As experts in the United Nations Advisory Group on Finance (AGF) start to scope innovative sources of climate finance, the IMF issued its own proposal, while questions loom over the governance of climate funds. Meanwhile, the Climate Investment Funds’ (CIFs) Partnership Forum exposed the limitations of the World Bank’s engagement with civil society in developing the funds thus far.
The AGF, set up by UN Secretary General Ban Ki Moon in February to jumpstart the process of securing the funds committed in the Copenhagen Accord (see Update 69), met in London at the end of March. The group is co-chaired by UK prime minister Gordon Brown and Ethiopian prime minister Meles Zenawi.
The Copenhagen Accord pledged $30 billion in “new and additional” resources for poor countries up to 2012 (see Update 69), and $100 billion in public and private finance annually by 2020. The lack of a definition or baseline to measure whether climate finance is additional to existing aid has so far allowed donors to fudge this commitment and repackage funds pledged to the CIFs before the Copenhagen summit (see Update 66) as part of their fast-start funds.
IMF green fund: dead on arrival?
At end March the IMF released a proposal for a financing mechanism for climate change, undermining hopes for more ambitious use of special drawing rights (SDRs, see Update 65), and again raising concerns about governance of climate funds. The staff proposal, which has caused controversy among IMF board directors according to media reports, would involve rich countries contributing the SDRs they received during the financial crisis to a ‘green fund’ in exchange for an equity stake. The green fund would use these SDRs as collateral for issuing bonds on international financial markets to borrow money, and then lend the money to developing countries as climate finance. This is similar to the way the World Bank conducts its normal operations.
NGOs such as ActionAid International had been interested in more regular issuance of SDRs to be directly channelled into climate finance, arguing that this would also begin to transform the international monetary system by making SDRs more available and important as a reserve currency (see page 9). The IMF proposal however envisions that donors would continue to contribute large sums of money annually, as much as 60 per cent of the green fund’s disbursement, in order to cover the grant element of the green fund.
IMF staff made it clear that they were “not proposing that the IMF itself would create, finance, or manage the green fund”, but aimed to “make a contribution to the global debate” before the first meeting of the AGF. Although the paper does not discuss whether the disbursing agency would be governed by those contributing the money, the suggestion that equity stakes would be based on IMF quotas implies strong donor influence.
Antonio Tricarico of Italian NGO CRBM warns that “the IMF proposal would basically set up another donor driven fund, possibly heavily conditional, and far away from a true concept of climate finance that is easily accessible by beneficiaries and serves to repay the rich world’s carbon debt to the South.”
Partnership Forum debates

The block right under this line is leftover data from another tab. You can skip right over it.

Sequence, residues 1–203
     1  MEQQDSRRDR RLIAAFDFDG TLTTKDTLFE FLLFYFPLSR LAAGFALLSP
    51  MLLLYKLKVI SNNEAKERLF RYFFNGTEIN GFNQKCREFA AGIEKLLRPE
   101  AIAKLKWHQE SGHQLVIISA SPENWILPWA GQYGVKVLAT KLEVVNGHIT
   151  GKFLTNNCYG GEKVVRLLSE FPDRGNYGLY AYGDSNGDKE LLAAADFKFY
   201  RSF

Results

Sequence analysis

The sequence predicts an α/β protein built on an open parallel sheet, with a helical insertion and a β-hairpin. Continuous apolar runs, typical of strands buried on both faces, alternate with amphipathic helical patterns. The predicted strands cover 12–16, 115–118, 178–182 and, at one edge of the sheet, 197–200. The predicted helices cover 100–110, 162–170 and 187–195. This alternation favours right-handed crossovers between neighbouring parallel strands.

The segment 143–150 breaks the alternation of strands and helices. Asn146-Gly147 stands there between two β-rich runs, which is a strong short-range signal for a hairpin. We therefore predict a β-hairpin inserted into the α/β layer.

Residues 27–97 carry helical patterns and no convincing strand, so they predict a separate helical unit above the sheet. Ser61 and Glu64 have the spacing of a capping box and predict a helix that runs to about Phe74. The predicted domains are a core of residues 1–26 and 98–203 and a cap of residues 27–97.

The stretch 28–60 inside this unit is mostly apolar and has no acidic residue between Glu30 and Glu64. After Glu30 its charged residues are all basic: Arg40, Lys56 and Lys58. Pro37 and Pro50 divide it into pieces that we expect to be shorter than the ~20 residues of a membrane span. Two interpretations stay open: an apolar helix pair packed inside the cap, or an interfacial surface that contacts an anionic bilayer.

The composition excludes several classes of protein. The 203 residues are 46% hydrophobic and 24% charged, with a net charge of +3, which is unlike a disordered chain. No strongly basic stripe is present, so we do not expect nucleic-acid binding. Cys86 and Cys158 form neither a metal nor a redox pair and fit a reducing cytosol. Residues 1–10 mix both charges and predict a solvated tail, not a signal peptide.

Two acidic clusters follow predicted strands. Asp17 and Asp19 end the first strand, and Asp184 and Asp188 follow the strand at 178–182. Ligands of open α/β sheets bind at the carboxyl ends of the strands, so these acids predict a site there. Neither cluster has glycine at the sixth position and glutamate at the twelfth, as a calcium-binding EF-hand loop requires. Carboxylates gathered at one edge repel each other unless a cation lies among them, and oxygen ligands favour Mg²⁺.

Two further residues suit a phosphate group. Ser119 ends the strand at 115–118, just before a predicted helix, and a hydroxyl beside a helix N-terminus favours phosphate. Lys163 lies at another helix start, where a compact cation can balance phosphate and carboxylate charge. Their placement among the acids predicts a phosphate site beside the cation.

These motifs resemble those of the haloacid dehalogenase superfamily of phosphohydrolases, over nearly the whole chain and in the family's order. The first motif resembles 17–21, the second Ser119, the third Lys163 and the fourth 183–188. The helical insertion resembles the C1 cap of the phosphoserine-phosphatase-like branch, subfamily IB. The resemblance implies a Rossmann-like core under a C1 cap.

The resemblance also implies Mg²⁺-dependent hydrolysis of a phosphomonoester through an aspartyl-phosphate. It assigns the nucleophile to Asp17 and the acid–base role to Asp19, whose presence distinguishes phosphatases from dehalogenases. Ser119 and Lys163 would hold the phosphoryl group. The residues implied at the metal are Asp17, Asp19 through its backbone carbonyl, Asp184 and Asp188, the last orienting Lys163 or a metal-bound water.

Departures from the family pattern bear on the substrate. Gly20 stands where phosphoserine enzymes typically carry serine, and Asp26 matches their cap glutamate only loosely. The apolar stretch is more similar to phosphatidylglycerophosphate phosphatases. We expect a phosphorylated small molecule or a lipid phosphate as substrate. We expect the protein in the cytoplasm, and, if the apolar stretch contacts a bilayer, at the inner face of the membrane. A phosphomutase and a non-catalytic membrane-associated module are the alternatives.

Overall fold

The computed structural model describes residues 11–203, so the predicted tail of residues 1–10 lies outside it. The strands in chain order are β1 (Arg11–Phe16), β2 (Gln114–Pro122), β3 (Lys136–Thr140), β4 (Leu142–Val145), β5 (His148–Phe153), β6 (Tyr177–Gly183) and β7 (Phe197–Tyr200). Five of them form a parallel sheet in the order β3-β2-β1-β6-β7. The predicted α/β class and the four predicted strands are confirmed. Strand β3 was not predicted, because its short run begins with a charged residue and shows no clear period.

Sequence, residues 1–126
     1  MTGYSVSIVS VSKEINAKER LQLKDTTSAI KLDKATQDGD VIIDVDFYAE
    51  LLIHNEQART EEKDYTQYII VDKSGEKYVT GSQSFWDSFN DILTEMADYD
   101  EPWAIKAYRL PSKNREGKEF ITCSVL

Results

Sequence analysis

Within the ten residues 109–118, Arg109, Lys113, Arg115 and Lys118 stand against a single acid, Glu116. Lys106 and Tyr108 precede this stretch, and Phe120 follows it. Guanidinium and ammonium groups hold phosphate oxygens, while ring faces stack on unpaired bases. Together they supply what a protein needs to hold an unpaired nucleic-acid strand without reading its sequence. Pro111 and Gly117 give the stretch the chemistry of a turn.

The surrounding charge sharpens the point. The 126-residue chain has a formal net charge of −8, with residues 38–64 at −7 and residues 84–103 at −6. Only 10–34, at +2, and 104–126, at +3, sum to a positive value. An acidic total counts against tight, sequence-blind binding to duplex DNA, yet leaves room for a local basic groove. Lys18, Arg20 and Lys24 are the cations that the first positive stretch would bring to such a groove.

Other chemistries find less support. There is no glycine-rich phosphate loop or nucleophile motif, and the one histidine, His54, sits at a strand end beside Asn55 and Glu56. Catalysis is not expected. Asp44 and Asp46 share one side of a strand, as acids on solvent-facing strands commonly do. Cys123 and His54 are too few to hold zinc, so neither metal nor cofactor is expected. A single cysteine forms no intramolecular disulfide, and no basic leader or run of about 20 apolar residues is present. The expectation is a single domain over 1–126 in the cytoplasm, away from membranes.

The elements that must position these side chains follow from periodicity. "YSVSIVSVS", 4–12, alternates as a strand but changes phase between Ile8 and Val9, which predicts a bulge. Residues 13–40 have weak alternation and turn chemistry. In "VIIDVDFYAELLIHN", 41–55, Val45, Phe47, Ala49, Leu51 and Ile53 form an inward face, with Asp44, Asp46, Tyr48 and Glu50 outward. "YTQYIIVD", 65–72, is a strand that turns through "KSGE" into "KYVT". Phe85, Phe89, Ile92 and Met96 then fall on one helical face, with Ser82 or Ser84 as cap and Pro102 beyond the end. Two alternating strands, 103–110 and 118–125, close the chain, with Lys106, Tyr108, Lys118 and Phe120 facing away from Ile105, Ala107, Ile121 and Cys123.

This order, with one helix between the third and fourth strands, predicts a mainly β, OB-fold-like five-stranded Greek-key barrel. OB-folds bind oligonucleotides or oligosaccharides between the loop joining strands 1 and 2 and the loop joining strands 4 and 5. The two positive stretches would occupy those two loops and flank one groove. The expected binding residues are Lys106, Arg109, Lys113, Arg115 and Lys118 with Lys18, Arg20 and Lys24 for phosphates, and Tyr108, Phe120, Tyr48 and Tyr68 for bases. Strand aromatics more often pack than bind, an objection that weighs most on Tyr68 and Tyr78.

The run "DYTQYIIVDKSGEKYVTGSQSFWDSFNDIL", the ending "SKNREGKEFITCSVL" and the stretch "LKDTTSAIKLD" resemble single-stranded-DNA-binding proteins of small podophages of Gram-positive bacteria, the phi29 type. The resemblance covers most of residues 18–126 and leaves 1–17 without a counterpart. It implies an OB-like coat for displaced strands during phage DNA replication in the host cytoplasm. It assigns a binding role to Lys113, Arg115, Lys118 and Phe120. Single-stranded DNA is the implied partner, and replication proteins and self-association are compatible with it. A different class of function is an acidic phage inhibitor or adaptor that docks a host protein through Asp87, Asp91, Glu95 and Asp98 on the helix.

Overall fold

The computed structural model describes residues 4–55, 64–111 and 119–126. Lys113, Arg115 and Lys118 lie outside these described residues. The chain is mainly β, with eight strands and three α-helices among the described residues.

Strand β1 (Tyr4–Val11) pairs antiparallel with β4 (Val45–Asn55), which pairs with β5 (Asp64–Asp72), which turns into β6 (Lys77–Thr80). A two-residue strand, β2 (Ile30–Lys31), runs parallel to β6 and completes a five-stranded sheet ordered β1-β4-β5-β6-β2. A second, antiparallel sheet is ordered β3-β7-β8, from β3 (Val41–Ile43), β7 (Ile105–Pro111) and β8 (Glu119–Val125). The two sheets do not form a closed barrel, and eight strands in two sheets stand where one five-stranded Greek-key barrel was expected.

Meanwhile, the second Partnership Forum was held in Manila in mid March. The forum was designed to bring together all stakeholders of the CIFs, including civil society and the private sector, to discuss and learn lessons from the design and early implementation of the climate funds. NGOs found that while the meetings were more participatory than previously (see Update 61), there were still considerable obstacles to constructive and open discussion. A major problem was that the forum was held after the meetings of the CIF committees – the governing bodies of the different funds that are responsible for operational decisions. This means that civil society comments and recommendations at the forum will not influence decisions until the next committee meetings in six months, if at all.
The committee meetings announced new funding plans by the various CIFs. The Clean Technology Fund (CTF) endorsed country investment plans for Colombia, Indonesia, Kazakhstan and Ukraine, bringing the total number of endorsed plans to 13. The Pilot Programme for Climate Resilience (PPCR) approved adaptation grants for Zambia and Nepal, and the Forest Investment Program (FIP) selected its first pilot countries: Burkina Faso, Ghana, Indonesia, Lao PDR and Peru.
One set of concerns raised in the CTF session was the lack of engagement with stakeholders beyond government in developing country investment plans. These plans highlight the opportunities for mitigation in the particular country and propose priority areas for CTF support. Red Constantino, of the Filipino NGO Institute for Climate and Sustainable Cities argues that, “the quality of the investment plans is dependent on a robust conversation between government and broad sections of society in each CTF country, including civil society and local communities. This simply has not happened in the majority of cases.” The same problem may apply to the other funds as they approach implementation.
In the PPCR session there was criticism of the use of loans for adaptation in vulnerable countries such as the small island states, where finance should be compensatory. In an indictment of the process’ transparency and engagement, government delegates from Niger and Zambia also said that they wanted to see their countries’ PPCR agreements because they were unaware of the nature of the funds they received and whether these were loans or grants.